There is no need for any humanitarian organisation which does not do what it claims to do. This aligns with my position on the inhuman, illegal and immoral blockade of the Gaza Strip led by the Israelis.
I believe very strongly that good people in this world cannot stand by idly and watch the suffering of nearly 2 million people languishing in what was described as a “prison camp” by a former British prime minister. The siege and blockade of the enclave have created shortages of fuel, food and medical supplies; increased unemployment due to businesses being unable to export and import; condemned seriously ill people to death by refusing them permission to travel abroad for vital treatment; and increased the number of people struggling below the poverty line and dependent on food aid.
The British charity Interpal, which was established in 1994, has built up its humanitarian credentials through its achievements on the ground. It has funded many development and relief projects that have benefitted Palestinians across the West Bank and Gaza Strip, as well as in the Diaspora, especially the refugee camps in Lebanon and Jordan and, to a lesser extent, Syria. The organisation has focused on the health sector in Gaza by providing medicines that are unavailable due to the siege, ambulances, baby milk formula, electric wheelchairs for the disabled and other forms of support. Interpal has provided about $10 million in aid since the start of the blockade 10 years ago.
This has, of course, attracted the attention of those in Israel who have worked almost since the charity’s first day to get Interpal closed down. This is not an exception or special case; many organisations have fought legal battles against Israel and its supporters in Europe; Interpal’s, though, remains the longest and fiercest struggle so far.
Many humanitarian organisations have suffered financially and administratively, with resources having to be re-directed to fight lawsuits to clear their name; such litigation has negative consequences for their fund-raising and operations in the field. Another British charity, War on Want, had its funds from the British government’s foreign aid budget halted under the pretext of its involvement in “political activity” against Israel, after it sponsored Israel Apartheid Week at London University’s SOAS in February 2016. One of the speakers at the event accused Israel of stealing organs from Palestinian corpses.
In Belgium, Al-Aqsa Foundation has faced similar challenges. Its management was forced to defend before the courts the charity’s work for the Palestinian people suffering under Israeli occupation. It also suffered as a result of a campaign to discredit the organisation, which had prompted several Belgian banks to close its accounts, putting further transactions under intense scrutiny and adding to the pressure of what is, after all, a relatively small charity.
In Canada, several Muslim charities are fighting to prove their innocence against false allegations that they support terrorism. The International Relief Fund for the Afflicted and Needy (IRFAN), for example, is challenging the Canadian government which cancelled its charitable status in 2011 and then added it to the list of terrorist organisations in 2014. This prompted the charity to take a brave and principled stand to defend its right to show sympathy for the suffering of the poor and needy and provide humanitarian aid; defend its legitimate status; and challenge the allegations and suspicion surrounding the organisation resulting from the pro-Israel lobby’s defamatory campaign against it. It filed a formal request to be removed from the Canadian government’s list of terrorist organisations, but this was rejected last year. The charity was thus forced to resort to legal measures to regain its legitimate right to operate and continue to provide support and aid to the poor and needy, including orphans.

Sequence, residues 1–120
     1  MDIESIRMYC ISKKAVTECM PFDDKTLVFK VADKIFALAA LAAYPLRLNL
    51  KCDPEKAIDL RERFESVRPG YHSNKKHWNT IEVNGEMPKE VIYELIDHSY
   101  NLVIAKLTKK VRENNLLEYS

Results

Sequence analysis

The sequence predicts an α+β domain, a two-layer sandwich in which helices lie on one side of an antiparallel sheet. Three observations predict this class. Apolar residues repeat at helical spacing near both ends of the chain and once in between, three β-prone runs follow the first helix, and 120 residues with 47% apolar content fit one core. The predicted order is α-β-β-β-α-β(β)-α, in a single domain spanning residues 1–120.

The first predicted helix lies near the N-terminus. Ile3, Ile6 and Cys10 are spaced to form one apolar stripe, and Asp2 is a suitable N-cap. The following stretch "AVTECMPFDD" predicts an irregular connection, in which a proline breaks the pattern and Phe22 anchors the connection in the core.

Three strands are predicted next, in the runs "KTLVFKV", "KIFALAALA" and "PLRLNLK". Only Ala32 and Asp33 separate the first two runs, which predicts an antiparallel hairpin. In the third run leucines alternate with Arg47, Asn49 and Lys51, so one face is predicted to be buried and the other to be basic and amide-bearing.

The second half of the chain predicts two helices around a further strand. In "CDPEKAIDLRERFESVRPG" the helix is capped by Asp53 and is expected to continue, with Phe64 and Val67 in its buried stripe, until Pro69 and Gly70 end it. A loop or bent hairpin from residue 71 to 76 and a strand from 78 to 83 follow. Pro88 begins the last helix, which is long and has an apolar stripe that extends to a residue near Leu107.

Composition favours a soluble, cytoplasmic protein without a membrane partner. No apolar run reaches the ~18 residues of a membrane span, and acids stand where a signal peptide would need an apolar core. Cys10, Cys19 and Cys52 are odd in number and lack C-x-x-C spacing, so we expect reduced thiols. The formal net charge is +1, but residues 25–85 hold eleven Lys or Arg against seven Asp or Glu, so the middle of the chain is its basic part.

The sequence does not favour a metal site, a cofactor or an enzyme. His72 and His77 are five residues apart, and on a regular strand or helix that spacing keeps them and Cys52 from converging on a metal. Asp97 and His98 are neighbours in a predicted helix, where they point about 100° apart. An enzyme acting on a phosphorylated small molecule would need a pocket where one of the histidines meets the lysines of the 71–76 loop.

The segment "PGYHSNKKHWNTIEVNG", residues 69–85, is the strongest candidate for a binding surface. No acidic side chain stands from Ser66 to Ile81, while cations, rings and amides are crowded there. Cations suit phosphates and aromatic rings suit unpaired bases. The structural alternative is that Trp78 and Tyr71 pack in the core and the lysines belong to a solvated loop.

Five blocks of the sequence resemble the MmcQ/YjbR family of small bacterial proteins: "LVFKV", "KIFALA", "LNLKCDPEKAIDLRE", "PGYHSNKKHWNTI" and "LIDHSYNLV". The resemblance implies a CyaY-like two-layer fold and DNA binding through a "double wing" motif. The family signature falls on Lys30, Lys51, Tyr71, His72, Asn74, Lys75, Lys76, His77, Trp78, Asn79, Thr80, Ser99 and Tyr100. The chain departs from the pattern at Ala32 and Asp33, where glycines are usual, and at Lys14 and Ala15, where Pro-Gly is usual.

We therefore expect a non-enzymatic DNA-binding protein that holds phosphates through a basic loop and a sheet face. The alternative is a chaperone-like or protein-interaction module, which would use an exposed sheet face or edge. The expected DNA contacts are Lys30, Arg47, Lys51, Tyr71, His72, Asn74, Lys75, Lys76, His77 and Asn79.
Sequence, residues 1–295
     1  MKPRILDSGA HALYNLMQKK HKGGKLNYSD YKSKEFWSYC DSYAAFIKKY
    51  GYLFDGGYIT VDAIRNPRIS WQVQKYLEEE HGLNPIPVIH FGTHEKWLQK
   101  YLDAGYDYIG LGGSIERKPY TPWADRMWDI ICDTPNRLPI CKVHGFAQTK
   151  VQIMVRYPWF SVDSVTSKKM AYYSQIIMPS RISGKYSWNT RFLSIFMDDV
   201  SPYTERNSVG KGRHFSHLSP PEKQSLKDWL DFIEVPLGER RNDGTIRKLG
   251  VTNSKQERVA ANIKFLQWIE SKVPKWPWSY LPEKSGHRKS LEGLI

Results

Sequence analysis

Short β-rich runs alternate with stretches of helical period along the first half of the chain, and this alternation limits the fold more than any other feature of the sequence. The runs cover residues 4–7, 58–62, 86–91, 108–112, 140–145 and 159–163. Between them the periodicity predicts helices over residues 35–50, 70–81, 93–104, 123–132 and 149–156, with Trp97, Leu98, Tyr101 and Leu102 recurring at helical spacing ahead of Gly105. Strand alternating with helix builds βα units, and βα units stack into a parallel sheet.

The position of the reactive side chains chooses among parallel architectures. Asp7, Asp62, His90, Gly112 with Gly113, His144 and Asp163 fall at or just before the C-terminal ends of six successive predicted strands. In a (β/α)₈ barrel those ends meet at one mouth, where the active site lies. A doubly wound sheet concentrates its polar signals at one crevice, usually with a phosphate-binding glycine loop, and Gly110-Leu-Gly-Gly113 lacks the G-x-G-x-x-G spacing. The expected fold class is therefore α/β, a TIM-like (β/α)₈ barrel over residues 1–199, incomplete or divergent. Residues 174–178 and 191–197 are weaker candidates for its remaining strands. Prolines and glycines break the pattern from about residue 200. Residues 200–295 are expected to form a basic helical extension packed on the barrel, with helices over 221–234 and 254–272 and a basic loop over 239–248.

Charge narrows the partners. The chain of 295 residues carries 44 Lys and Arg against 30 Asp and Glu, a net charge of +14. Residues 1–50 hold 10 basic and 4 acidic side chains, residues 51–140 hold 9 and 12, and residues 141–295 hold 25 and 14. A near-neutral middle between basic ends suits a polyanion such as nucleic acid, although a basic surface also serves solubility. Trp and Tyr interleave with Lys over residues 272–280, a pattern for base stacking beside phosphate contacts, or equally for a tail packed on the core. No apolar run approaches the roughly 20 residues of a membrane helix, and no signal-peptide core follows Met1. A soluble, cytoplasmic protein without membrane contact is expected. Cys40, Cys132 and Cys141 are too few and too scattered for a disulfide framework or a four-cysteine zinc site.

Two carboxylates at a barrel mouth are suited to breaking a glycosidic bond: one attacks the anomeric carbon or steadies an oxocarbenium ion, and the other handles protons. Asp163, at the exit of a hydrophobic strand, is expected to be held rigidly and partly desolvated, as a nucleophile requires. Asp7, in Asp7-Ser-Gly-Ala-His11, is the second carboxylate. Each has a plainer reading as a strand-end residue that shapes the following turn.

The example of the Holy Land Foundation for Relief and Development in the United States embodies the power of political to inflict immeasurable damage on humanitarian and charitable work. The deliberate distortion of the reality of the situation in occupied Palestine, and the humanitarian catastrophe therein, serves the interests of malicious pro-Israel lobbyists whose aim is to falsify facts and direct the compass of charity work away from the Palestinians, with complete disregard for the loss of human rights and reinforcing Israeli oppression, injustice and tyranny in the process.
The Holy Land Foundation (HLF) spent many years providing assistance and support to poor families and those affected by the policies of the Israeli occupation; it kept within the law at all times. However, the rabid pro-Israel defamatory campaign lasting many years finally succeeded, under President George W. Bush, following the visit of the then Israeli Prime Minister Ariel Sharon to the US in the wake of the events of 11 September, 2001. The campaign destroyed an institution which was built upon integrity and transparency. Along with several other community organisations, the foundation was closed by the US government in December 2001, and then the prosecution of its officials and employees began.
The trial of the five HLF founders appeared to be a collective punishment of the Arab and Muslim communities which believe in the right of Palestinian orphans, widows and the poor to have access to the basic necessities of life. The harassment by security agencies extended to the HLF’s loyal donors and the court proceedings demonstrated how much the US administration is directed by the pro-Israel lobby for the benefit of what is, after all, an alien state, even to the detriment of US interests. The impact of the lobby on US policy has been explained in detail by Professors John J Mearsheimer and Stephen M Walt in “The Israel Lobby and US Foreign Policy” (www.fsgbooks.com, 2007). Charges against the HLF were fabricated and the US judicial system was essentially put at the service of Israeli politicians in the “land of the free and the home of the brave” which claims to champion impartial legal institutions, the principles of democracy and respect for human rights.